Using the “Adoption” Card

whining_pouting_girl2Over my years in the adoption field, I have heard one consistent fear from prospective adoptive parents of domestic children. They are afraid that their adopted child will one day want to leave them and move in with their biological family. With open adoptions becoming more common, adoptive children know enough about their biological parents, that this is a natural fear of parents. The thinking is along the lines of, “If I maintain a relationship with my child’s birth family, then why wouldn’t my child want to leave when they aren’t getting their way? When I say, ‘No, you cannot go to that party at Michael’s.’ why wouldn’t my child say, ‘Then I’ll go live with my birth mother because she’d let me go!’”

Of course it would be painful to hear your child say those words. I don’t think any parent wants their child to be wishing to live elsewhere. You want your child to be happy and secure in their house, with their family. Right?

Your child’s request to live with their birth family, means you’ve made a major parenting mistake, and they are upset that you adopted them. They wish they had never left their biological roots. Right?

I may have answered, “Absolutely.” before I heard the following story from my close friend, Jackie. She is an adoptive mom who has a very open relationship with her daughter’s birth mother, Michelle. They spend time together several times a year, and have celebrated important occasions, like birthdays, together. Below is a conversation Jackie had one evening while hanging out her living room with her six year-old daughter, Emma.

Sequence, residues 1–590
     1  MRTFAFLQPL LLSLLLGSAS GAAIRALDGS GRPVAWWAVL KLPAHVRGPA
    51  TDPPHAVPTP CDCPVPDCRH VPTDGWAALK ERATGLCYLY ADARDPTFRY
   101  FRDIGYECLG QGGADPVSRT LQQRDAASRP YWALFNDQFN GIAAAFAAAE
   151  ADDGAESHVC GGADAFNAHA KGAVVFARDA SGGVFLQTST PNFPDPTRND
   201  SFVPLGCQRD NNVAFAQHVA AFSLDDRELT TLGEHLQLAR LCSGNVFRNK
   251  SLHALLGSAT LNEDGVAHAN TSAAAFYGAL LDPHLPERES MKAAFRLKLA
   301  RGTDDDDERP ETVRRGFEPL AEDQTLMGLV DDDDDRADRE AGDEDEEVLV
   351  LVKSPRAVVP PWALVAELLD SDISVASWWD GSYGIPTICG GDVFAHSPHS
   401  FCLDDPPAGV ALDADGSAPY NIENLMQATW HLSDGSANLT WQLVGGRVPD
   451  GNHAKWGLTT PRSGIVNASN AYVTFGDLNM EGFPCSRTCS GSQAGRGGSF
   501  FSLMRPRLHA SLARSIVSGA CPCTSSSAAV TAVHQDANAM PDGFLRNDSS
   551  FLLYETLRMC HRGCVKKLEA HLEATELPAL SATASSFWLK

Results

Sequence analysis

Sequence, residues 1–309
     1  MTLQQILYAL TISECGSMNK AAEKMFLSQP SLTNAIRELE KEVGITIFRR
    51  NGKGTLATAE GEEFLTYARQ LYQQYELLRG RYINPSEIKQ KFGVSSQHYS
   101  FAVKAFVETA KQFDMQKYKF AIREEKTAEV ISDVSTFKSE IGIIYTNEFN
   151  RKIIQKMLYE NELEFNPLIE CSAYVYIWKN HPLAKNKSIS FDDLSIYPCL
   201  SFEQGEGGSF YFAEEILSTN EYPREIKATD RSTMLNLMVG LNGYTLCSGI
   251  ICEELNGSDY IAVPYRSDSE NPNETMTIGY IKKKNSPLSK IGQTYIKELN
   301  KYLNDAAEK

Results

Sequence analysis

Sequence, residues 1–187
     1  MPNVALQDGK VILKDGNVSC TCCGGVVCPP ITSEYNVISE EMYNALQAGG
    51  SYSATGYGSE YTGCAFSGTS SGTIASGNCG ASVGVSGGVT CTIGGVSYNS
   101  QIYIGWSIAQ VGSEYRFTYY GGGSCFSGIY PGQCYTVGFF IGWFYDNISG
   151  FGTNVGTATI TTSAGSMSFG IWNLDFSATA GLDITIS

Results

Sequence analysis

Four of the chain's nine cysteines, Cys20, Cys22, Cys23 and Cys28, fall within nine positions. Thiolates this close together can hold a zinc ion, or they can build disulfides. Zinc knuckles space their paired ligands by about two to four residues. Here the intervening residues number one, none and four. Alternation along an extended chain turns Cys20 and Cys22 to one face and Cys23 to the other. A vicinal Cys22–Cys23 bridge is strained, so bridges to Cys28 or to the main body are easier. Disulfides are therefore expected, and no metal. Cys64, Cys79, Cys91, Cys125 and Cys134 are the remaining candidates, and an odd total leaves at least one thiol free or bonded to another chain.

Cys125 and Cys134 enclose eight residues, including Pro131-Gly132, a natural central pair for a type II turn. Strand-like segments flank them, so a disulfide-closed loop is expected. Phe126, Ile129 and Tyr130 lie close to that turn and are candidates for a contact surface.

Emma (E): Mom, I want to go live with Michelle.

Jackie (J): (Holds breath for at least 5 long seconds and then speaks in what she hopes is a calm voice)

Why?

E: I just want to.

J: OK. Why do you want to go to Michelle’s house?

E: I like it better at her house.

J: (Tries to control her rapidly beating heart. Realizes this is not just any “normal” conversation)

What is better about it there?

E: I like the way it looks.

J: Well, she lives in the city so it’s different than ours. Is there any other reason you want to live with Michelle?

E: I really like her new car. It smells so good inside. I like the smell of a new car.

J: But don’t you like my car too?

E: No. It smells yucky.

J: (Remembers how sensitive Emma is about the way things smell)

Would you like it better if it smelled better?

E: Yeah.

J: Would you be happier if I got a car freshener?

E: Yes!

J: So, if I got my car to smell better, would you still want to go live with Michelle?

E: Hmm….no I guess not.

During this conversation, Jackie told me that she was terrified. She was thinking, “Oh no. We had an open relationship and look what has happened. She thinks I’m not as great as Michelle and now she’s chosen her over me!” When in reality, it boiled down to Emma wanting to ride in a nice smelling car.

After the conversation, all Jackie could think was, “Really?!? That’s all she wanted? If I get a car freshener then she doesn’t want to live with Michelle? Really?!?”

This conversation was an eye-opener for me. It showed me that we have no idea what goes on in a child’s mind. Especially the thoughts of an adopted child concerning their biological family. I will never fully understand to the emotions that come with being adopted.